claims to use 50 percent less fuel than straight-gasoline engines in city driving and 25 to 30 percent less in highway driving.
At 21-mpg city, a 2-wheel-drive Tahoe hybrid's economy is as good as a Toyota Camry 4's, GM brags, citing government testing. At 22-mpg highway, it's as good as a Camry V-6's. Choose a 4x4 and you lose only 1 mpg. And it'll still carry a bunch of people and luggage and tow 6,000 to 6,200 pounds - all the things folks expect of big SUVs, even if they seldom actually do many of them. That could well keep customers buying them, even with gas again at reasonable prices, Yes, the hybrid has a hefty price premium, but let's worry about that later.
The 2-Mode Hybrid system is so named because two electric motors built into a special 4-speed automatic transmission provide two sets of infinitely variable ratios, plus fixed ratios in 1st and 2nd gears under high-load conditions. The motors act as generators during coasting and braking, sending electricity to a bank of nickel-metal-hydride batteries, from where the juice is sent back to the motors to help acceleration.
Full torque from the motors and the engine is available when needed, so it's a proverbial stump puller. Under light loads the V-8 engine becomes a V-4 whenever it can, closing exhaust valves on those unused cylinders and employing variable valve timing in many situations. And it shuts down frequently in stop-and-go driving.
The Tahoe is intriguing to drive partly because it's eerily quiet, and because you can hear a faint whine as it moves away from a stop on electric-only power, resorting to engine propulsion when speed begins to build and/or the driver puts his foot into it. With a light foot the motors can accelerate the Tahoe to 30 mph, GM says, but this one never got beyond 13 mph before the engine restarted. That V-8 is a 6-liter (364-cubic-inch) machine so there's plenty of horsepower (332) and torque (364 pounds-feet), yet it's well muffled (as is the cabin in this limo-like truck).
The Electronically Variable Transmission is ultra smooth and while driving it around the far west side of Las Vegas I could hardly tell what it was doing. I couldn't feel it shifting and it seemed to go to the highest ratio possible in any situation. The tachometer needle hints at what the engine is up to, and that's not much in the way of revs. It seldom got above 2,000 rpm and often loafed along at 1,200 to 1,400.
The tach needle drops as vehicle speed slows and soon the needle rests on Auto Stop, indicating the engine has shut down because it's not needed. That label on the tach is useful to someone not familiar with the truck's hybrid operation because the engine simply stopping might otherwise be disconcerting. ("Eh? It's not running! What'd I do?!") The engine shuts off when the truck is coming to a stop or coasting slowly. You can faintly feel the engine shut off but you can't always hear it, and probably never would if you're playing the radio or yakking on a cell phone.
Electric-only operation is likewise quiet, but you can hear a descending whine as the vehicle comes to a stop and the system regenerates while you brake, capturing energy, converting it to volts and amps that it sends to the batteries. And there's an ascending whine from the electric motors as you move away from a stop. The motors run on 300 volts and so does the air conditioning compressor, so you stay comfy at red lights while the engine naps.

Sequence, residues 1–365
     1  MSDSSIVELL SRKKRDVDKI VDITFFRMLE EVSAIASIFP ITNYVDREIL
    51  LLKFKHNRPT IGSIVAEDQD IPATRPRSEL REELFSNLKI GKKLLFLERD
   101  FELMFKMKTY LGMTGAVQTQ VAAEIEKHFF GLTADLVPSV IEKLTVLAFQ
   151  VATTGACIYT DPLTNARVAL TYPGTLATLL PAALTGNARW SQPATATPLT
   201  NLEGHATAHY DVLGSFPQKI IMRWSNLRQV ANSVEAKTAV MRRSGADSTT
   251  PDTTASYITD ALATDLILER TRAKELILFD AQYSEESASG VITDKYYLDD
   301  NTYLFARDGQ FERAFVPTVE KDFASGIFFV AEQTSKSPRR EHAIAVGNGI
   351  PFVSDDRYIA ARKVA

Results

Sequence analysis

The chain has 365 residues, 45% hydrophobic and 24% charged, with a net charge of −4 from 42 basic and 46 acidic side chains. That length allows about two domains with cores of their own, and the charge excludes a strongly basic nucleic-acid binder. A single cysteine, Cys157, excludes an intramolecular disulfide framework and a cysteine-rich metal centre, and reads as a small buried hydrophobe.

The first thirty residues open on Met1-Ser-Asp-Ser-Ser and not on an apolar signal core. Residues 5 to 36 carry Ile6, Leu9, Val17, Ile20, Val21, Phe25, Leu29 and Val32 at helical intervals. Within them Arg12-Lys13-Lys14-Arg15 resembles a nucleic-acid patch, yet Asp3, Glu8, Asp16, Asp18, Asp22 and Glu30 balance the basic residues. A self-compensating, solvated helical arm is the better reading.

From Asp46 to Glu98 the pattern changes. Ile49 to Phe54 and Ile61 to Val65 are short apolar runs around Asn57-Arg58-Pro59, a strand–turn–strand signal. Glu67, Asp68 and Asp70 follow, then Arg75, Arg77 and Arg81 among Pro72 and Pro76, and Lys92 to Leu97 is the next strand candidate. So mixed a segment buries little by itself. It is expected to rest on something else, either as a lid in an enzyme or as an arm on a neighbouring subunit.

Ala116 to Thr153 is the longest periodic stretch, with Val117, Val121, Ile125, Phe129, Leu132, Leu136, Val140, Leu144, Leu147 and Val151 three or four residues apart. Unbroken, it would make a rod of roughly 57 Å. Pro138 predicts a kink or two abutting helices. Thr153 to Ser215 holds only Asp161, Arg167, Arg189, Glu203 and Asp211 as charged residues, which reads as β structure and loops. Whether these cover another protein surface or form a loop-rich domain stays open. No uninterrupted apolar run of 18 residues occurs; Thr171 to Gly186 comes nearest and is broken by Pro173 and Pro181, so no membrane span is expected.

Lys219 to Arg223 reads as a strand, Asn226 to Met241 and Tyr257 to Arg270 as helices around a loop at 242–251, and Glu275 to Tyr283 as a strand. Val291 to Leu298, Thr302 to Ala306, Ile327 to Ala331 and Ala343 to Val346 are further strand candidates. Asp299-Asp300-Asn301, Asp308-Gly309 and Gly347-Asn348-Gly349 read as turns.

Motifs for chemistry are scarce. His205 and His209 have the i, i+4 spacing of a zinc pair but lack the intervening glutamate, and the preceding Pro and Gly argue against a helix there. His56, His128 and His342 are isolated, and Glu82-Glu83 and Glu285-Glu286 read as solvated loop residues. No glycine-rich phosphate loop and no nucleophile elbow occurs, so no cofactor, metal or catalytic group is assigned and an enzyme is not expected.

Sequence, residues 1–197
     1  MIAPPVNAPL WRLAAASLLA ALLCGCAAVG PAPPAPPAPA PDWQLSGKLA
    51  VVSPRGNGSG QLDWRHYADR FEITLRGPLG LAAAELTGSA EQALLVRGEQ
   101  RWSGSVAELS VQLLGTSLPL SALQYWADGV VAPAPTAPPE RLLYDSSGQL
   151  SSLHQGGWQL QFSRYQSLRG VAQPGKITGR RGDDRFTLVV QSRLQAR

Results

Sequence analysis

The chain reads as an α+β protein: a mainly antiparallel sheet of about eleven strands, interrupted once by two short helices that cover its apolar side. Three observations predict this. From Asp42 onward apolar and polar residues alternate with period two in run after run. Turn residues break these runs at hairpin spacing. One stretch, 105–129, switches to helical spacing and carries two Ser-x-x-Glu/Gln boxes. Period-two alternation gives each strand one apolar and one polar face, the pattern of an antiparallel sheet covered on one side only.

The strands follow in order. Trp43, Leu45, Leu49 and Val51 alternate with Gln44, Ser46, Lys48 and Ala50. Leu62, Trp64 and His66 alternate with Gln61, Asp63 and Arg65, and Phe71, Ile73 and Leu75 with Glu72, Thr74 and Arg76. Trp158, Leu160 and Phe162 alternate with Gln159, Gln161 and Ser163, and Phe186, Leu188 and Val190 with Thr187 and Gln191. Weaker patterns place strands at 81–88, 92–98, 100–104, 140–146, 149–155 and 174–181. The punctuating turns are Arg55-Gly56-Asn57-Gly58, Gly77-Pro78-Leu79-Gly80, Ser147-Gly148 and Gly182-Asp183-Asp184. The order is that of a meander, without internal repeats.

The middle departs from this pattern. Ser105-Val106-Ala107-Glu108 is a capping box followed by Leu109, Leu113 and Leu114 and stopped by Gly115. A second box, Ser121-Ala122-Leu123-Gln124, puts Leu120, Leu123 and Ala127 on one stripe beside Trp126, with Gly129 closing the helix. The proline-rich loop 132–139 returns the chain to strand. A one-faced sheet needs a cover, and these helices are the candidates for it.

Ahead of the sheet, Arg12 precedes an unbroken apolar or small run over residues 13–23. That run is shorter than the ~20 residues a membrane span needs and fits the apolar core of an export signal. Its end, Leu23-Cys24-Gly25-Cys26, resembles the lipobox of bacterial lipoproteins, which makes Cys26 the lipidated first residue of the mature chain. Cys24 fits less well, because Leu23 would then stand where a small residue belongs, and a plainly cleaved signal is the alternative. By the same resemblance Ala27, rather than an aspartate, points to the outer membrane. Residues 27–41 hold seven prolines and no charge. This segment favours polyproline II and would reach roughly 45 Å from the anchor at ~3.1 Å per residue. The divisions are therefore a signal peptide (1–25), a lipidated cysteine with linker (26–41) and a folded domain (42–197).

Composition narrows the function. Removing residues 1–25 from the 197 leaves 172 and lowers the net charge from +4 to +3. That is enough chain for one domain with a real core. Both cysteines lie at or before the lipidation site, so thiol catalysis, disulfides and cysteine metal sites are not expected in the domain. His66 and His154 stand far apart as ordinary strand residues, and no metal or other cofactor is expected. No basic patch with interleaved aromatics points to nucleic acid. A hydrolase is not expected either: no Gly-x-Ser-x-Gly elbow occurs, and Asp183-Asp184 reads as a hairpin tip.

Electric propulsion is what sets the 2-Mode Hybrid apart from GM's "mild" hybrid system used in the Chevrolet Malibu sedan and in the now-discontinued Silverado-Sierra Hybrid pickups. The mild system's generator does not help to move those vehicles; it only captures braking energy that's then used to run accessories while the engine shuts off during stops and pauses briefly at low speeds. Otherwise, the engines in those vehicles do all the work, and the mild hybrid system thus saves only about 10 percent in fuel at best.
The GM 2-Mode Hybrid operates like other "parallel" hybrids in that it'll go on electric or gasoline power or both. Incorporating the motors inside the transmission sets it apart from the Eaton electric hybrid systems now available in many medium-duty trucks and vans (but not from GM), where a single motor-generator is placed outside the transmission.
Like them, the electrified Tahoe is expensive to buy; sticker prices on fancy models are above $50,000 and in the $60,000 range for the Cadillac Escalade version. But in the Chevy Silverado and GMC Sierra 1500-series it costs less, as the hybrid system will be available as an option on base-trim pickups as well as more fancy versions. Moreover, available tax credits might mitigate the financial sting on all of them.
General Motors partnered with Chrysler and BMW to develop the hybrid system; Chrysler briefly briefly had its version on the market in a pair of 2008- and '09-model SUVs, but it's already gone. Chrysler's Aspen and Dodge's Durango themselves have been discontinued, so the gasoline-electric system is not available except in those vehicles still on dealers' lots. The system uses the same transmission mated to a Hemi V-8, and drives much like the GM version. The hybrid option will reappear in Dodge Ram 1500 series pickups sometime in the 2010 model year, Chrysler says.
Though GM and the other domestic builders are now preoccupied with survival, it plans to make 2-Mode Hybrid a strong part of its fuel-saving efforts. These also include the an EFX package that adds about 1 mpg to pickup trucks' EPA ratings, boosting of E85-capable FlexFuel engines, continued development of hydrogen fuel cells, and encouraging politicians and the energy industry to build infrastructures to support both fuels. All that fits into the impression I got in listening to the hybrid's electric whine: It sounds like the future.
From the February 2009 issue of Heavy Duty Trucking.